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Everything You Need to Know About a Plant-Based Diet

Everything You Need to Know About a Plant-Based Diet

Everything You Need to Know About a Plant-Based Diet

The plant-based diet is a buzzphrase heard more and more in healthcare clinics and even in everyday conversations among friends. But what exactly is the eating strategy behind the buzzphrase? And why do more experts than ever insist that a plant-based diet is the way to go for optimum health?

The Truth About Plant-Based Diets

Despite some beliefs, the term plant-based diet is not another term for a vegetarian or vegan diet. Rather, plant-based diets are focused on eating more foods from plants than other food sources such as meat and poultry. Plant-based diets also avoid processed foods and refined sugars. People who follow this plan might be flexitarian, or semi-vegetarian, in which they mostly consume food from plants, as well as eggs, dairy, and the occasional meat, poultry, fish, or seafood. Pescatarian diets are similar to flexitarian without the consumption of meat or poultry. Vegetarians include egg and dairy products in their diet while vegans consume no animal products at all. 

Another myth about plant-based diets is that people on these diets are often tired and don’t get enough fats and proteins. A well-rounded plant-based diet includes plenty of healthy fats and proteins through certain plant-based oils, nuts, seeds, legumes, and beans. 

Why Plant-Based Diets Are Good for Your Health

Plant-based diets have been rising in popularity over the last several decades for a number of reasons. The long-standing and still highly recommended Mediterranean diet is a plant-based flexitarian diet. It also includes fish, eggs, yogurt, and cheese a few times per week with meat and poultry less often. This diet has been linked to a decreased risk of heart disease, diabetes, metabolic syndromes, and depression. It’s also been known to reduce the risk of certain cancers including breast, colon, and prostate cancers. Older adults who follow the Mediterranean diet also enjoy a lower risk of frailty and better mental and physical health. 

You don’t have to follow the Mediterranean diet to get health benefits. Any diet that focuses on whole foods from plants and other natural food sources is better for your overall health and wellness than a diet based on processed and refined foods. Plant-based diets have also been linked to needed weight loss. This also lowers the risk of certain conditions like diabetes and heart disease. 

How to Start Following a Plant-Based Diet

Beginning a plant-based diet is actually easier than it sounds. The first step is to add more fruits and veggies to your shopping list and incorporate servings into each meal or snack of the day. You’ll also want to include other plant-based foods like good fats such as olive oil, olives, nuts, nut butter, seeds, and avocados. The next step is to increase the number of fruits and veggies on your plate while reducing the amount of meat to a garnish rather than the main course. Make sure you’re including at least one good portion of greens on your plate each day. Try to mix it up among different greens like spinach, kale, or collards. Keep your diet fresh by changing up how you cook your veggies for each meal.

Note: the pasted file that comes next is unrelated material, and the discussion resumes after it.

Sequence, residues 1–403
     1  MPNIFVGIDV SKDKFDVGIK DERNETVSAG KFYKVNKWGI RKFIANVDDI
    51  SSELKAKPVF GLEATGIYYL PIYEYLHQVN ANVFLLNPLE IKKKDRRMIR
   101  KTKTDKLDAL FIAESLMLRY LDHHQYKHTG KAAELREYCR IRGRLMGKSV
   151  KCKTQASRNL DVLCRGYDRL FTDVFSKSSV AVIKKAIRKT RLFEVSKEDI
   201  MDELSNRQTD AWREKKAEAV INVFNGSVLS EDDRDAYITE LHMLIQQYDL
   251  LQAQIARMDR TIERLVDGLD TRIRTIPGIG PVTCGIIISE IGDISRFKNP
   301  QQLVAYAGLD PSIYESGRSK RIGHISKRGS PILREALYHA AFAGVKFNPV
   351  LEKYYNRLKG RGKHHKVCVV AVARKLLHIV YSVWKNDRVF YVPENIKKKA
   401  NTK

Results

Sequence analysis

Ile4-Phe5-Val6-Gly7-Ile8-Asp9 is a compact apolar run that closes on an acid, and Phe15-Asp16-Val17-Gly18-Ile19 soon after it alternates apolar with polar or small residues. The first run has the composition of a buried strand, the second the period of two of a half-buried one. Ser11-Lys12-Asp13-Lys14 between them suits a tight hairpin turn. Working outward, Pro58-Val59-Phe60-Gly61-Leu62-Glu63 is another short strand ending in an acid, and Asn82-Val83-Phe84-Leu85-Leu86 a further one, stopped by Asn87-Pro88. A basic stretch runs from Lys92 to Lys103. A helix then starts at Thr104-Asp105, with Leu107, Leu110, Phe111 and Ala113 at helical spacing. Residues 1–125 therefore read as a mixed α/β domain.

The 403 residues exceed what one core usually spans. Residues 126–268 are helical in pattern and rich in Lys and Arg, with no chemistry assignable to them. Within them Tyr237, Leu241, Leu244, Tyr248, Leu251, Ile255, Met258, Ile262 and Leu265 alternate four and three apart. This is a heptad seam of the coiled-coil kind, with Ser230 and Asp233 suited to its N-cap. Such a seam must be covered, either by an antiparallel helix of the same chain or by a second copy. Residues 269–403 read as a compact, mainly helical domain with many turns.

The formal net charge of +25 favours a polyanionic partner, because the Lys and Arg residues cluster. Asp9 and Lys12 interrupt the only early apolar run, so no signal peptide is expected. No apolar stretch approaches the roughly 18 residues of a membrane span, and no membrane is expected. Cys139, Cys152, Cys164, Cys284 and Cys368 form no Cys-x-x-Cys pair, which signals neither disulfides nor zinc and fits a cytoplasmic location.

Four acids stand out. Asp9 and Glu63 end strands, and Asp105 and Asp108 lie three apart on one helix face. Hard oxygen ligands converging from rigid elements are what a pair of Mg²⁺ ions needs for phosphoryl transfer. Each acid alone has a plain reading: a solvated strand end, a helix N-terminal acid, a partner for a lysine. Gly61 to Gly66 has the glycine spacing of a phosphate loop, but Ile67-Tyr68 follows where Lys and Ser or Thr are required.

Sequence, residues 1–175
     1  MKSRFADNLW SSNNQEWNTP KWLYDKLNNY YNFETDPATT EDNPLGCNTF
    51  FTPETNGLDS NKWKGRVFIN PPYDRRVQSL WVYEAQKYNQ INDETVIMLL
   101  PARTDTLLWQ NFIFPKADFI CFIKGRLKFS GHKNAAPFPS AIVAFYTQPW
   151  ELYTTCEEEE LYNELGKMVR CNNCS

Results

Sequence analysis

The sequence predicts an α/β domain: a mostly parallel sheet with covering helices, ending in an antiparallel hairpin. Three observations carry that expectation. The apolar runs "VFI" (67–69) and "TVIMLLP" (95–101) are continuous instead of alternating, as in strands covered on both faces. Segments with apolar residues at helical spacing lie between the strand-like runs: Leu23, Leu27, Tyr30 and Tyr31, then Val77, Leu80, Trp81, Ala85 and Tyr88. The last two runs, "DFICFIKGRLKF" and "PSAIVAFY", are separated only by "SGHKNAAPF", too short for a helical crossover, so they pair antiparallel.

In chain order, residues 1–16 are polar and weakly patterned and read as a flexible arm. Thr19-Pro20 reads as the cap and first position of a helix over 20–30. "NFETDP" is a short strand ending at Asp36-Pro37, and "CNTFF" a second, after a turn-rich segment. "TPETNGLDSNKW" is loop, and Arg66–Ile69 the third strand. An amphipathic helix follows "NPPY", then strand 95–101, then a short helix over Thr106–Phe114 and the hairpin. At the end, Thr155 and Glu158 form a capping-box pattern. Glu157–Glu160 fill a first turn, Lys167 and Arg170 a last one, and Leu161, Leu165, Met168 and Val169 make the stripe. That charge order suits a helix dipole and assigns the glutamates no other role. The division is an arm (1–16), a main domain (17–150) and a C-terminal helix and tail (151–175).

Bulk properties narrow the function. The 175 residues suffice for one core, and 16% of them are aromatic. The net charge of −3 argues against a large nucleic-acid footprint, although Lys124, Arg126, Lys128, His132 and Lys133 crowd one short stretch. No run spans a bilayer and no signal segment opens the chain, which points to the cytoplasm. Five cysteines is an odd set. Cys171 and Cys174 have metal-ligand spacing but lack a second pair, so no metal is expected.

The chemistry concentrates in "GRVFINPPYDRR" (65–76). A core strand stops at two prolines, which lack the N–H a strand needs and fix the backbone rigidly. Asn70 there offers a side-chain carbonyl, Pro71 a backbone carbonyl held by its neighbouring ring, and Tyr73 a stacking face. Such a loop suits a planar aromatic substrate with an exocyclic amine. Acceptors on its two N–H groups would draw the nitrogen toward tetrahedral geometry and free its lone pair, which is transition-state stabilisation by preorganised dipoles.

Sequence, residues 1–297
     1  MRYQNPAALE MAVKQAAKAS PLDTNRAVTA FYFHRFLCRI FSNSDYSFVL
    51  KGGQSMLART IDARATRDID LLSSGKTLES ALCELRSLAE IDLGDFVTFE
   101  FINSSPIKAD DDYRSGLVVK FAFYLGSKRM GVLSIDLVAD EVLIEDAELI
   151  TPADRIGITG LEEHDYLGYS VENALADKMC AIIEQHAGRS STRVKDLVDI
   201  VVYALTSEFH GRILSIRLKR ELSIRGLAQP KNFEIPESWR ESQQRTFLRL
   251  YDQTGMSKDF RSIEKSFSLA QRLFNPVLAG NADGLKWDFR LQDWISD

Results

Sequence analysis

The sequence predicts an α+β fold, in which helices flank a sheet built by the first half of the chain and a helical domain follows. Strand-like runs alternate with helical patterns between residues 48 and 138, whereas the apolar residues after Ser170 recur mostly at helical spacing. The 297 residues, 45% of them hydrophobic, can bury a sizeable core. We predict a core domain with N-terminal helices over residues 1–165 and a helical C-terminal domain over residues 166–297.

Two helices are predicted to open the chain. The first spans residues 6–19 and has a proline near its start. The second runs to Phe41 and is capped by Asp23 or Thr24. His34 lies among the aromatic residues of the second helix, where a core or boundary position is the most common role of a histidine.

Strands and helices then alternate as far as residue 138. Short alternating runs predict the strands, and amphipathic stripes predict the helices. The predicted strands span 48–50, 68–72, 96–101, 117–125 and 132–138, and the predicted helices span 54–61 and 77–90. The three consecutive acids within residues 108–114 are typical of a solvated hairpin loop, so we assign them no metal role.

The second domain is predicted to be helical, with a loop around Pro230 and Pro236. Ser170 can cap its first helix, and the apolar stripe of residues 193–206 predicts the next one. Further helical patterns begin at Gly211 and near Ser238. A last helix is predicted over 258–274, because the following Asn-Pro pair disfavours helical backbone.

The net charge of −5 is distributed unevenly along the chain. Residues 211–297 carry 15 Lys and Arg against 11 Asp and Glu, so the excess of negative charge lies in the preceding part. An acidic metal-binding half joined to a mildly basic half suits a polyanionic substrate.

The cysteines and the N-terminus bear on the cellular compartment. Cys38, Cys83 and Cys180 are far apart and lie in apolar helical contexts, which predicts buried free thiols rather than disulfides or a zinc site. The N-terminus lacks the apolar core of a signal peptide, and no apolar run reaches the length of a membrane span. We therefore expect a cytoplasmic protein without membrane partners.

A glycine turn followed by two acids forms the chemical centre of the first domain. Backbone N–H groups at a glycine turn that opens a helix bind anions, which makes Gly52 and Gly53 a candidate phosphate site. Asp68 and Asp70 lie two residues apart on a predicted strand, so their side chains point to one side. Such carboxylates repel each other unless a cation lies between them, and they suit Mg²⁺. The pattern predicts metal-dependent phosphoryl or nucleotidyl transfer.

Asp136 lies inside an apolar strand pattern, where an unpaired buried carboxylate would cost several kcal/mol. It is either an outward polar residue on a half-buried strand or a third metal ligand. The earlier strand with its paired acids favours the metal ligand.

Experts also recommend consuming at least one all-vegetarian meal per week that includes whole grains, beans, and veggies. You should also build at least one meal a week around a salad and consume whole grains for breakfast each day. Yummy whole-grain breakfast options include oatmeal, quinoa, buckwheat, and barley, which can be paired with fruit, cinnamon, and other plant-based flavors. 

Although a plant-based diet is considered to be good for just about everyone, it’s always best to discuss any new diet changes with your healthcare provider or dietitian first. We can discuss your diet concerns and proposed changes at your next wellness appointment with Mantachie Rural Healthcare. Call 662-282-4226 or click here to request your wellness visit now. 

The Benefits of an Annual Wellness Visit

The Benefits of an Annual Wellness Visit

Visiting your medical provider when you’re sick is an easy choice. Coming in when you’re feeling fine for an annual wellness visit, however, seems to be a more difficult decision. We get it. Life is hectic and visiting your provider when you’re not sick probably doesn’t cross one’s mind. But annual wellness exams are so essential to your health that most insurances cover the full cost of these visits. That list of insurance includes Medicare and Medicaid. A free visit with your provider is just one of several important reasons to schedule your annual wellness exam. If that’s not enough, here are a few more. 

Wellness exams help you fight illnesses and live longer. 

Important screenings that detect underlying health conditions and diseases help catch these illnesses early. Early detection increases your survivability and expands your lifespan. Your primary care provider will determine which screenings you need based on your personal and family health history, your age, and other factors like a problem detected during the physical exam portion of your appointment. Please note insurance companies do not cover all screenings. So be sure to ask before agreeing to extended testing.